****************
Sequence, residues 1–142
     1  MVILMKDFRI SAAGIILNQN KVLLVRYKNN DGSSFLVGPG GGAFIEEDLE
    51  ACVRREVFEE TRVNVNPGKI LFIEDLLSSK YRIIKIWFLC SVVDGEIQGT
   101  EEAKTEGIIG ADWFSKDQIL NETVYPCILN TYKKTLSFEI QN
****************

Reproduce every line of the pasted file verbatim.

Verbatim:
Sequence, residues 1–142
     1  MVILMKDFRI SAAGIILNQN KVLLVRYKNN DGSSFLVGPG GGAFIEEDLE
    51  ACVRREVFEE TRVNVNPGKI LFIEDLLSSK YRIIKIWFLC SVVDGEIQGT
   101  EEAKTEGIIG ADWFSKDQIL NETVYPCILN TYKKTLSFEI QN